My Wrapping Paper-less CountryKristy Carlson
I live in a country with no wrapping paper, where the cool kids ride homemade wooden bikes. There was this ONE TIME that I saw Minnie Mouse wrapping paper at the “cheap-stuff-high-prices” China shop in town. That is, if you call a shimmery bedazzled Minnie Mouse floating in a sea of hot pink REAL wrapping paper.
I buy small packs of Hot Wheels and Legos in bulk when we make trips to the USA so that my kids have something to give to their little friends as birthday presents. The kids get really excited when it’s time to go “shopping” for their friends. We pull the new toys out of their hiding places and they get to shop for their buddies right there on the spot. It’s really kind of convenient, no last minute rushed trips to the mall for us… because in this case, there is no mall. There are some small shops though. Last week on our way out of town, I realized that I had forgotten my toothbrush. We pulled over at a little shop alongside the road and while I could have replaced my toothbrush with a $17 toothbrush, I chose to buy a $4 kid toothbrush as a replacement instead.
The Grinch might be pretty happy here at Christmas time. There are no Christmas carols ringing in the air. No toys except the easily broken ones that can be found at our “cheap-stuff-high-prices” China shop. Who am I kidding? Most parents here won’t be shopping anywhere this Christmas. Store bought toys really don’t go hand in hand with poverty. Instead, kids race around happy to be pushing a tire in front of them with a stick or riding a homemade wooden bike. I know you’ve heard the story before. You can recite it by heart, I’m sure. The whole, “you should be grateful because there are starving kids in Africa” bit. The thing is, you can try to ignore the facts all you want, but it’s actually true.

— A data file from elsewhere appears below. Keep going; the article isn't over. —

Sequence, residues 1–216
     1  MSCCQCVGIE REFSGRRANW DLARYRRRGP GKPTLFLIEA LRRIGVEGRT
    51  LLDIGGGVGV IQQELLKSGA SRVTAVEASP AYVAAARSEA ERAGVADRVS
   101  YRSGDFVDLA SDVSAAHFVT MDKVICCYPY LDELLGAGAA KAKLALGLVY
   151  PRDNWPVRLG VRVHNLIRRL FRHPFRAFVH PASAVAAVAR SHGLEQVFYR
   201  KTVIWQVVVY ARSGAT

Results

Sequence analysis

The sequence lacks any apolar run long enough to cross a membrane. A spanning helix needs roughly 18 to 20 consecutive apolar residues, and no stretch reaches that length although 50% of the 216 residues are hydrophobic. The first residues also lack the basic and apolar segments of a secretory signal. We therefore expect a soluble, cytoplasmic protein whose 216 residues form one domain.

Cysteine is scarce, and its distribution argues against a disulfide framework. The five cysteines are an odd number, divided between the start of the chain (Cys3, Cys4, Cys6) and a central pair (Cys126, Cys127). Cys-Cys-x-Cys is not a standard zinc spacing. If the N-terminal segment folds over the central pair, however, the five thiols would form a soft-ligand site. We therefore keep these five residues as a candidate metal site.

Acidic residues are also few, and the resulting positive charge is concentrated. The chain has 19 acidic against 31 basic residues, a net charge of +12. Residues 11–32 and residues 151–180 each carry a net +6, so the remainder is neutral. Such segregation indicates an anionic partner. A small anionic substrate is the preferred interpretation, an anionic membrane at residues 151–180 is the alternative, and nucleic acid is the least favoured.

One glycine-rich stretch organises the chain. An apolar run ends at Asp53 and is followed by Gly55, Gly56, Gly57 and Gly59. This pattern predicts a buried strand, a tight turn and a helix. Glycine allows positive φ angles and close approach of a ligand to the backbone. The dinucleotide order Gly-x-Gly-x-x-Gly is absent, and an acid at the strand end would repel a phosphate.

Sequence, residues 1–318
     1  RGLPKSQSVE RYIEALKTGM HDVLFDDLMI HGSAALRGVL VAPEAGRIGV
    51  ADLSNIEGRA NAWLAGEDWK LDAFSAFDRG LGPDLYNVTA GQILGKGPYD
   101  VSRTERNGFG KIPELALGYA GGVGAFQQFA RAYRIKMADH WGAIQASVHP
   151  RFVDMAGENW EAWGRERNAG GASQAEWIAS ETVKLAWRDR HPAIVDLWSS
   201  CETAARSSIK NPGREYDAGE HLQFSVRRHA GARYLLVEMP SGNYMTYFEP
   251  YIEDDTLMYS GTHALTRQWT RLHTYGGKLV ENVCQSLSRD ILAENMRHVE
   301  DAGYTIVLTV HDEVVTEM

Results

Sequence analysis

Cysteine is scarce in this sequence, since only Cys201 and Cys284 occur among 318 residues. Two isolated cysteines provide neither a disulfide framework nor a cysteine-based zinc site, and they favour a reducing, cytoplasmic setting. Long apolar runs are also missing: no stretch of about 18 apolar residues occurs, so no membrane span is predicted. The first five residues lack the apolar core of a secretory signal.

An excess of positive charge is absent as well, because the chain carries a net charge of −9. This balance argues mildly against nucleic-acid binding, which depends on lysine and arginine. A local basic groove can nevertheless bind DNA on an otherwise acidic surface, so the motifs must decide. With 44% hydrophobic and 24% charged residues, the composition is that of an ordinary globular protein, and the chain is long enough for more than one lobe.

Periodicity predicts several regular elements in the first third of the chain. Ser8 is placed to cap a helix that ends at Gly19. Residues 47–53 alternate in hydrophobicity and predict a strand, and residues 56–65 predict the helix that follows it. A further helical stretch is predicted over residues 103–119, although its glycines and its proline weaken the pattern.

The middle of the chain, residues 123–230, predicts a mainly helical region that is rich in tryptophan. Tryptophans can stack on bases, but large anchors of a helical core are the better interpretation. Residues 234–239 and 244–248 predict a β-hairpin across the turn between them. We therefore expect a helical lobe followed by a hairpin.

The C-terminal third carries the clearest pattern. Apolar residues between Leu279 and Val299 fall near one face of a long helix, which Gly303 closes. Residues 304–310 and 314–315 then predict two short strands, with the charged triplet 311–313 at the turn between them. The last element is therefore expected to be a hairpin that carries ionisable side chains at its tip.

This is the kind of place where a belly full of rice and a homemade bike are prized posessions. The honest trutht is, it is really difficult not to be shaped as a family by the absolute lack of personal possessions around us. It has become an everyday reminder that the things that matter most are not the house or the car or the presents under the tree. Turns out it’s actually the early morning snuggles, the living-room dance parties, cooking while the kids sit on the counter chatting away, and making a difference in the lives of coffee farmers. The moments we build into this life we have are the things that matter most, no matter where you are living… don’t you think so?
Here’s hoping your Christmas is full of the kind of moments that matter most.
Merry Christmas and Happy Giving. If you are looking for an extra way to give this Christmas, we would love to tell you about our initiative to help 2,500 coffee farmers and their children build a better life for themselves. Email me for a detailed pdf at firstname.lastname@example.org or click the donate button on the Long Miles blog www.longmilescoffeeproject.com.